Hariharan sang while Team India was closing in on its second World Cup trophy, in faraway Wankhede. And he was updating the scores not only in between songs but sometimes mid-song, in his inimitable andaaz! And when Dhoni hit the final six over long-on, he almost jumped up and took the song he was singing, Masti masti, to the higher octave making it evident that India had won. Before breaking into, what else, Bharat humko jaan se pyaara hai (Roja).

Shaan is probably the only Bolly playback singer around who likes to talk less and sing more on stage. Despite being such a popular host on TV, Shaan keeps the chatting on stage to a minimum and lets his never-ending list of chartbusters do all the talking for him. Behti hawa sa tha, Main aisa kyun hoon, Subah ho gayee maamu, Do you wanna partner, Where’s the party tonight, Bum bum bole, Chaand sifarish, Suno naa….

They just kept pouring and the 2,500-capacity crowd at Alexandra Palace went berserk, dancing in the aisles. Having forgotten the lyrics of Majhi re while singing, Shaan didn’t try another Bengali track before finally rounding off things with Sadher lau.

But the real surprise was the grand on-stage reunion of siblings Shaan and Sagarika. They had started their singing career as a duo and then Sagarika had given it up for motherhood. She now lives in London. Shaan got Sagarika to join him on stage and together they sang Aaj ki raat from Don. Sagarika also sang Ei raat tomar aamar and a special mother’s day tribute, Dhoop mein chhaya jaise. “I want Sagarika to come back to singing… with all your support she will,” Shaan announced.

Utsav special

While most of the programmes at the three-day event have been performed before, somewhere in the world, the musical presentation called Tribeni was specially designed for the London Ananda Utsav. It had singers Rupankar, Subhamita and Raghab coming together on stage for a musical chat — songs punctuated by adda moderated by Mir.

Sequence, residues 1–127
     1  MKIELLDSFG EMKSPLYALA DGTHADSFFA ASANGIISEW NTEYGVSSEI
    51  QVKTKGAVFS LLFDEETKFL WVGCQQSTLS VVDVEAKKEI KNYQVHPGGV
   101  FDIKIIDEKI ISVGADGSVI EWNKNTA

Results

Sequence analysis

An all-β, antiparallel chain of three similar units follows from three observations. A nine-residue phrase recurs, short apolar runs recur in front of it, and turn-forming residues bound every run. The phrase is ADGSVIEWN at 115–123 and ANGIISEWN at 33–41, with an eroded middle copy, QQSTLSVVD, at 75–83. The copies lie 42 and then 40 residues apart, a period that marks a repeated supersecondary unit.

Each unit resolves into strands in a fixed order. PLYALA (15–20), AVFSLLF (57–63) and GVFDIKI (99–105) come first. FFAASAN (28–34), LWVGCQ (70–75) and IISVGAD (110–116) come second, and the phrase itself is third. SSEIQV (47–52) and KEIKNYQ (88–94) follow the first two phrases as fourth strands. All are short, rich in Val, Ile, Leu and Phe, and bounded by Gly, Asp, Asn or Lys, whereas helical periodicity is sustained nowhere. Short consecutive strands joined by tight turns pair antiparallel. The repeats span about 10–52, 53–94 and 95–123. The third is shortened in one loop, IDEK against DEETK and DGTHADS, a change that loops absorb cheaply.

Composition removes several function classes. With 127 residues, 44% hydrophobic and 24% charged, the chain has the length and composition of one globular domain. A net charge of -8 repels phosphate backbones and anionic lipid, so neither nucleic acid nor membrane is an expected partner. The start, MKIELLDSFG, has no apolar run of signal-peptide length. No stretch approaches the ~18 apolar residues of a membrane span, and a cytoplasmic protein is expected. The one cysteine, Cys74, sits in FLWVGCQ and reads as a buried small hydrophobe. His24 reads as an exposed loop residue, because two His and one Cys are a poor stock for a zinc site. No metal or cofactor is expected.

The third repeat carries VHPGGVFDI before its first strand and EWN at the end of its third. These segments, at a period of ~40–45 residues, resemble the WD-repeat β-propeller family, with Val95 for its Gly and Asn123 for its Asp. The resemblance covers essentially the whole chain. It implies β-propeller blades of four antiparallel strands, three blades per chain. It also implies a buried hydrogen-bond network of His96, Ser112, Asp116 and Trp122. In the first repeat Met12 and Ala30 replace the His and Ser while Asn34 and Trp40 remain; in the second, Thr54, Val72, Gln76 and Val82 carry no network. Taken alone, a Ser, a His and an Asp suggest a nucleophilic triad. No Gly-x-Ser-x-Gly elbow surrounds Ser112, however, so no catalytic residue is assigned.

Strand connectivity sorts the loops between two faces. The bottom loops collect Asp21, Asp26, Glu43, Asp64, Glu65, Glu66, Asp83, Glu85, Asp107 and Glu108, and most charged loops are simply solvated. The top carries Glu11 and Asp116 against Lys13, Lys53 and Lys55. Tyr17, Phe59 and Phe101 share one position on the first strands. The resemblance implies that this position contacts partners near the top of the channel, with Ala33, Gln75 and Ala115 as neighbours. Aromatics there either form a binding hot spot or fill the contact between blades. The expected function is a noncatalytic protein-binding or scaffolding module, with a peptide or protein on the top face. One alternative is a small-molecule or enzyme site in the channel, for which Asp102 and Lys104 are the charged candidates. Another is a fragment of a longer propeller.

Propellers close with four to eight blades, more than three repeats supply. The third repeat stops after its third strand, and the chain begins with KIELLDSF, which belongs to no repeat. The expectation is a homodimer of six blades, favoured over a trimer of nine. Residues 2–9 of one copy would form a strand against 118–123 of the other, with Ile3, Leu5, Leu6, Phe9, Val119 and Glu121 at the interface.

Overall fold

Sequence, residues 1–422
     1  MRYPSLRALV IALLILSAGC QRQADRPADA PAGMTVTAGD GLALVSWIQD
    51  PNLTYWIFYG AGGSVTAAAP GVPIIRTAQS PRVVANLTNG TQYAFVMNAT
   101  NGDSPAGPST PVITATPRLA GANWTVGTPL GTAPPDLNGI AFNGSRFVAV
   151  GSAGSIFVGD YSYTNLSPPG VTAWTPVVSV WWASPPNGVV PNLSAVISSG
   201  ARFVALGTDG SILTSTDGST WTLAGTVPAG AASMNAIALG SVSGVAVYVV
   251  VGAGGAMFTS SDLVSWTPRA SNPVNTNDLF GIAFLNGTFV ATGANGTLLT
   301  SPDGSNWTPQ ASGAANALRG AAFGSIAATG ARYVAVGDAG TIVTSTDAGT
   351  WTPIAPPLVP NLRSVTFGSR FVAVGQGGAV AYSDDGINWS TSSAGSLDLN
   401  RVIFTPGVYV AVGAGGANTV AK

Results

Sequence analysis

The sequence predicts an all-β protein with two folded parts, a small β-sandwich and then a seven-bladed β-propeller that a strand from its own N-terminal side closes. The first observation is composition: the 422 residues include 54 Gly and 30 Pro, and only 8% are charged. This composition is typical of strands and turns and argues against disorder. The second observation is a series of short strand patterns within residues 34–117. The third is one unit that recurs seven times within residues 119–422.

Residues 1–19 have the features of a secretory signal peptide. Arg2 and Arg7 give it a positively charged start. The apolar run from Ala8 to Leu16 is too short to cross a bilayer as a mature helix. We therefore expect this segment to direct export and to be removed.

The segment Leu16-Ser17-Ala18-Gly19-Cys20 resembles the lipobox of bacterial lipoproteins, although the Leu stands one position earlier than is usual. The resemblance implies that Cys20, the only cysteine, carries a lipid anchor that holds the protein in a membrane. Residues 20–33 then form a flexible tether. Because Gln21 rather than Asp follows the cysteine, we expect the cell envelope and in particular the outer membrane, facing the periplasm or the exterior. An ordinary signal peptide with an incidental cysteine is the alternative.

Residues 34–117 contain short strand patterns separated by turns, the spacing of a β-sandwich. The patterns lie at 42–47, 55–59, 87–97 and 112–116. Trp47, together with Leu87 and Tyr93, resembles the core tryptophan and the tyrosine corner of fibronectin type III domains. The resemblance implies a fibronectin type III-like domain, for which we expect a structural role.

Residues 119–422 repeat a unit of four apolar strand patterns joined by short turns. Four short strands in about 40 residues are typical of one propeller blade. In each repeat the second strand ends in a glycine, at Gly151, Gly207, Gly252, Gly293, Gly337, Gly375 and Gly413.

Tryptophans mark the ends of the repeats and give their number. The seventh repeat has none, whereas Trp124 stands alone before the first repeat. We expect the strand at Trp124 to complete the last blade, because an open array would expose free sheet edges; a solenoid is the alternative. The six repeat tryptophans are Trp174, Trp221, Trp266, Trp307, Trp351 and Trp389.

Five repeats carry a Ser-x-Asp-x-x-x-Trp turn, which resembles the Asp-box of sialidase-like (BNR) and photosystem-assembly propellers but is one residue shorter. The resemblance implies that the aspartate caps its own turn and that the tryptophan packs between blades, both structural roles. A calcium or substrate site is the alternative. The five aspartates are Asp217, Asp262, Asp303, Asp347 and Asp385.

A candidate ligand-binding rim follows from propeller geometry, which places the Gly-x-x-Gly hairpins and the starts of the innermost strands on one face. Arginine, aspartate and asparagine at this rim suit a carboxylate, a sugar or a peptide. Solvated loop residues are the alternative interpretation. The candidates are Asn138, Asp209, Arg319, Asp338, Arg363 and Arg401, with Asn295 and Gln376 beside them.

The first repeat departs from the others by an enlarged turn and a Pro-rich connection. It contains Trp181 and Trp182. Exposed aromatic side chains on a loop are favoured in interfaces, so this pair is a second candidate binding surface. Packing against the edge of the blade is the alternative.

All three singers belted out their hits… Rupankar singing Mone pore Ruby Ray and Chupi-chupi raat, Subhamita singing Dekhechho ki taake and her latest Memories in March hit Sakhi hum and Raghab singing Tumi nei bole and Chand keno ashena. But perhaps the best moment of Tribeni came when Rupankar and Subhamita sang Gham ka khazana together.

Outside the Great Hall at the West Hall, across the three days, there were contests galore. Tripti Kitchen Champion picked the best hands and minds at the kitchen, Arish Ananda Sundori was a beauty pageant with a difference, Bangla Sangeet Champion sought out the best singing talents and Karta Ginni chose the best couples. The shopping stalls too stayed busy all day with Bengalis picking up everything from saris to books, CDs to necklaces.

A new website was also launched by the ABP group at the Ananda Utsav. Called, it’s a cyber space primarily targeted at the non-resident Bengali, who can not only read the Bengali magazines like Desh and Anandalok but also watch STAR Ananda on the site and listen to Bangla radio (Radio Ananda) all day. Plus it has a blogging zone where Sunil Gangopadhyay will blog in Bengali.


What makes the Ananda Utsav so special every year is that its scope and celebration is never limited to the location. It may be called London Ananda Utsav but Bengalis travelled for hours to be part of the three-day carnival.

“It was really so much fun at this little Calcutta so far away from Calcutta,” said Soumya Roy Chowdhury, who had come from Leicester, where he is doing his Ph.D in international relations. “The three days were nostalgic no doubt but it also took care of my Bangali appetite for the next few months!”

For Jhuma Das who had come from Hampshire, it’s the annual celebration which takes her back to her roots. “To be here and celebrate with so many Bengalis is a special feeling, which no other form of leisure can ever match.”

Not even the World Cup could steal the thunder of the London Ananda Utsav. Yes, we won after 28 years and the cricketing spectacle comes once every four years but three days of unadulterated Bangaliana once a year is an equally tempting offer. An offer the Bengalis on British turf just can’t refuse.